The Minnesota Twins have had a very underwhelming winter, at least according to their fans, but the moves they have made can’t possibly be all that bad, right? The number one priority for the team this winter was to completely remake a starting rotation that was last in the American League with a 5.40 ERA and also last in total innings pitched with just 880. Another category that they were last in the American League in was quality starts, with just 62, and say what you want about the quality start it is still a metric worth giving a brief look at when evaluating the rotation as a whole. The only team worse than them in any of those categories was the Colorado Rockies.
In an effort to give their rotation a complete facelift the team signed starting pitchers Kevin Correia and Mike Pelfrey to major league contracts, signed Rich Harden to a low-risk minor league contract, and turned a surplus in the outfield into Vance Worley and two solid pitching prospects Trevor May and Alex Meyer (both of which could be ready within two or three years). If there’s one thing that general manager Terry Ryan understands it’s how to rebuild the major league roster by finding and acquiring promising talent that could help the team in a relatively short amount of time.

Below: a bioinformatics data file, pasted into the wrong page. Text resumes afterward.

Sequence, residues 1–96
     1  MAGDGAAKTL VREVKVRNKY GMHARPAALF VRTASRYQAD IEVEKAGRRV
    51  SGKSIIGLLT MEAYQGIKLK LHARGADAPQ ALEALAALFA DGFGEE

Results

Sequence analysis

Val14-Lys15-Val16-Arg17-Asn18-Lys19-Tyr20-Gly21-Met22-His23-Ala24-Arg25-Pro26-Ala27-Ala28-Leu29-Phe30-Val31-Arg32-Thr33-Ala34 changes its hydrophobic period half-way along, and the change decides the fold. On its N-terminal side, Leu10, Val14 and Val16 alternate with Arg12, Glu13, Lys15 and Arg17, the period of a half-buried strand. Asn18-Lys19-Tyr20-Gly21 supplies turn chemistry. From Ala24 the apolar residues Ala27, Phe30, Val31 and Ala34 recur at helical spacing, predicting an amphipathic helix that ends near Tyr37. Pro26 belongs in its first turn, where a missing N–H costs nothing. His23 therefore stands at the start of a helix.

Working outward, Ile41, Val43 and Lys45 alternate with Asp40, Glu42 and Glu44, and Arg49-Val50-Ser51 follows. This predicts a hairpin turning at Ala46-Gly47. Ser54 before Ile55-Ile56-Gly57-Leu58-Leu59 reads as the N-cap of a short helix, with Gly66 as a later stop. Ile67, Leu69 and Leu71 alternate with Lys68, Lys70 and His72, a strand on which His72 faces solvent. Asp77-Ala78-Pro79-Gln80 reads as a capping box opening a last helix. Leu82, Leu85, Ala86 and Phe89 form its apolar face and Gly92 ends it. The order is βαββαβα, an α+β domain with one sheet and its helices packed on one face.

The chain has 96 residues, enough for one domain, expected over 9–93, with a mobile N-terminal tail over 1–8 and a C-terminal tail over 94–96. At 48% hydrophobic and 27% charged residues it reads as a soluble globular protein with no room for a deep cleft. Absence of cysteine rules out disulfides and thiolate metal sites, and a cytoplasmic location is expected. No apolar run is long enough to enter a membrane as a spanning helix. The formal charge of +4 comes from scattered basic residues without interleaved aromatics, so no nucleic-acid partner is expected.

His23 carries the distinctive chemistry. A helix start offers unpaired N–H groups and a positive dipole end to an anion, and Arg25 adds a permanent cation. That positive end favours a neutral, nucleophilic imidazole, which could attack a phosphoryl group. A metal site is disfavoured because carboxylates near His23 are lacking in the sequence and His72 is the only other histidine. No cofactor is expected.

The key to their starting rotation improving enough to keep the team in games long enough to win will be health. Vance Worley, the one with arguably the most upside in the rotation, had his 2012 season cut short after having surgery in September to remove a loose body and bone spur. Recent reports suggest he is healthy and ready to go and if that’s true then the Twins will have a guy that will help solidify their rotation.
Pelfrey is coming off of Tommy John Surgery but he indicates that he will be 100% ready to go by Opening Day and that is certainly encouraging news. If he is in fact fully recovered, and effective, then he is someone that could feasibly pitch around 170 and 180 innings for the team and could become a solid number three starter in the rotation.
Then of course we have Harden who has had shoulder and arm issues for about eight years now and hasn’t made 30 starts in a season since 2004. He says that he is now feeling the best he has felt, health wise, in nearly six years. That’s another bit of encouraging news for the Twins because when he’s on he is nearly unhittable and actually has more strikeouts (949) over his career than innings pitched (928.1) – impressive.